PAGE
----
Err, in response to Joanne, the ‘her’ is a ‘him’. A 57yr old x-tin mine worker (among several other careers).

              In response to Eileen, I sort of like clutter (borderline hoarder) & tis a big five bedroom house & in some rooms sculptures are literally piled high, 8/10 deep in spare rooms. I simply just cannot sit & watch telly without being creative.

              …and it wouldn’t help if I took up knitting, there would simply be spare rooms filled with bobble hats, scarfs & bad jerseys.

              The pic attached is one wall in my study work/area (Dusting is for whimps, really collectors…plough the dust occasionally) . This is part of my ‘cabinet of curiosities’ collection.

            • My goodness, that is a wall of curiosities! As far as the dusting goes, I have the same problem. We have a wood burning insert that puts out way more dust than I thought possible. I use a hair dryer and blow it all on the floor and then just vacuum. It works wonders! Cleaning tip of the day!

    • Jonni, it’s very unlikely that I can help, although I’d like to, but can you or she clarify what size she is talking about? And does every animal need to be to scale? Or did I miss that? Life size? 1/2 size? Miniatures? Makes a huge difference, of course.
      I’ll look for classes in the area, but probably won’t have much luck.

      • She said she needs “Preferably life size baby ones.” Safari animals, so we’re talking about big babies. With the shipping involved she’d be way better off finding someone in her general area. There must be paper mache artists in New York. But could they work that fast?

        Do let us know if you find any classes – I know you’re good at finding stuff on Google. 😉

        • I Dont Know I’m from New York i want to Learn Also i called 5 Colleges No Help..i posted 5 different posts on Craigslist Under Classes and Local Artists and Under 12 Facebook Crafters It’s like nobody works with Paper Mache..i would love to learn but.. i’m from Western New york Buffalo-Rochester Area,,I’d Be willing to Travel to Pa..Ohio.NJ With in 6 Hours For a Weekend To Learn

          • I know some of our readers have given workshops. But we don’t really have a good way of finding out who’s doing them, and where they are. We haven’t had any comments recently from anyone who would intends to teach a workshop. Maybe this summer we’ll hear from a few people, and if we do I’ll be sure to let you know. (Paper mache for adults is a really small niche, for some reason, but I think this blog, and especially this page and all the wonderful sculptures posted here, is helping to spread the word.)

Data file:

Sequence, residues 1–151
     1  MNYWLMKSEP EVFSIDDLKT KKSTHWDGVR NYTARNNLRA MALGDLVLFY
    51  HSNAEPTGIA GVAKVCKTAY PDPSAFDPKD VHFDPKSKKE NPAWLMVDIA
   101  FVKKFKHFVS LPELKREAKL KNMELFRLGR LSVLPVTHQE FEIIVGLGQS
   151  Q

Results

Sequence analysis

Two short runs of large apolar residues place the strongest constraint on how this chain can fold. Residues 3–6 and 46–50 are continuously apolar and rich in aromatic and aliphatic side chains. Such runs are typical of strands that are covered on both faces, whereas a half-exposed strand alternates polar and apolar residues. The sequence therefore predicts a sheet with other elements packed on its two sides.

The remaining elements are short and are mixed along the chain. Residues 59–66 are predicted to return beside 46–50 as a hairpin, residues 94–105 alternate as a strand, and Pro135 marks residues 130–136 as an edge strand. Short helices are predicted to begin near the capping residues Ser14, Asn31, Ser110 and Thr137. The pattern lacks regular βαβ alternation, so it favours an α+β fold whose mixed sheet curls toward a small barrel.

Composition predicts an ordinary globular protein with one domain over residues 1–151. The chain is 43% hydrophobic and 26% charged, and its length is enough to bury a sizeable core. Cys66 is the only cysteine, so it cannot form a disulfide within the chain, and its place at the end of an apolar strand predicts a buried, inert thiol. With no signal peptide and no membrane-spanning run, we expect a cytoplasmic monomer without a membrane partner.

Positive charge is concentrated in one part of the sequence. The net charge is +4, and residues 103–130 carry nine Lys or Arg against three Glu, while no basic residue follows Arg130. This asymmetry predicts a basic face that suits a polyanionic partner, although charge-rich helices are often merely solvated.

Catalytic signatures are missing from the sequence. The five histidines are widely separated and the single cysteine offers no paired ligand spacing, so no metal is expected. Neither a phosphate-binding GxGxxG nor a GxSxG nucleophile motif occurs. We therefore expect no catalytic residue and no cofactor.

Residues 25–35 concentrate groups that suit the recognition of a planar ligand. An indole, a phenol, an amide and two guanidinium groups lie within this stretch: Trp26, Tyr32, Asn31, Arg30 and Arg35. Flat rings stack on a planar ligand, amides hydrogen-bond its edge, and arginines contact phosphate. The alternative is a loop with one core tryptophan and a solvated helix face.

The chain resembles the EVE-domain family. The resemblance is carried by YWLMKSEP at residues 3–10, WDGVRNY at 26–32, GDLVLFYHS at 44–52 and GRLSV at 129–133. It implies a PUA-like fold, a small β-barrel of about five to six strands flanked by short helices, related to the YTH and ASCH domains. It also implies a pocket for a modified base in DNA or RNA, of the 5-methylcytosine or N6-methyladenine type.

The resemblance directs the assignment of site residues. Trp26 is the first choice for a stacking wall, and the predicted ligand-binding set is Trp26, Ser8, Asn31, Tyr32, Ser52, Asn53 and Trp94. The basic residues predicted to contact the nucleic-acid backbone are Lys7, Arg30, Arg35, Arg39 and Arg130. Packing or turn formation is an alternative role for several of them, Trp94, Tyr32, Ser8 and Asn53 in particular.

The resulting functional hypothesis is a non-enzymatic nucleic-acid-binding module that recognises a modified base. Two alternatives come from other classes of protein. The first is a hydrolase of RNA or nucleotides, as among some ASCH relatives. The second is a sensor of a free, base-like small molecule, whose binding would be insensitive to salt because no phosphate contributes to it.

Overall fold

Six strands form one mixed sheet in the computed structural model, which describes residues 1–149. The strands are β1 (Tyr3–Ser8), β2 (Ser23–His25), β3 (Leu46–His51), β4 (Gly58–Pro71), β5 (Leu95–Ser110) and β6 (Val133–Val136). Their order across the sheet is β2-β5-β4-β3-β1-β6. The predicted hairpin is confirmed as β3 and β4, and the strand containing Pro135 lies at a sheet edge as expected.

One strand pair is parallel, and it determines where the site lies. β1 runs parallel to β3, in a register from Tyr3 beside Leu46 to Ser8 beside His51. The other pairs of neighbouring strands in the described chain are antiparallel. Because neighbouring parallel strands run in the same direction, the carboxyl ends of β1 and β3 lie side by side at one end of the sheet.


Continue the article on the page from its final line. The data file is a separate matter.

• Yes, I have found some art institutions & galleries have quite a snotty attitude here in Cornwall, in UK towards papier-mache. I had conversation which went something like this:-
            Me: “I’m an artist”
            Gallery; “What do you paint?”
            Me: ” I sculpt, paper mache assemblage pieces!
            Gallery ” Oh. Children’s art”

            Yea, children’s art

            • Another beautiful sculpture. By the way, my daughter tells me that the right term to use when describing our work is “Mixed Media.” It’s quite popular now, and covers just about everything. Plus, it’s associated with adults, not kids.

            • People need to get enlightened! When I show my stuff, I label it as paper mache and people are amazed! My response is always, ” It is not your kindergarten paper mache,” then I explain the process. They love it and invariably it ends up in a sale. I had toyed with the idea of calling it paper clay or paper pulp but a college psychology teacher told me that she loved that I called it what it was. It added to the intrigue!
              Interesting piece…you have quite the imagination!

    • Hi Jonni,
      I’m new here, but my friend I have been looking and loving your stuff for awhile and finally took the plunge and are doing your bear….which I love.we did one layer of brown paper towel and standard paper mache, then a layer of paper mache. They look pretty good, bit need a bit more smoothness. What would you recommend for final layer?
      Ps…I might be hooked
      Laura from Canada
      Ps…I wasn’t sure the right place to ask this question was….sorry if it’s in wrong place.

      • Hi Laura. Yes, this is the perfect place for your question. I’m glad you’re enjoying the bear – and I hope we get to see it when it’s done.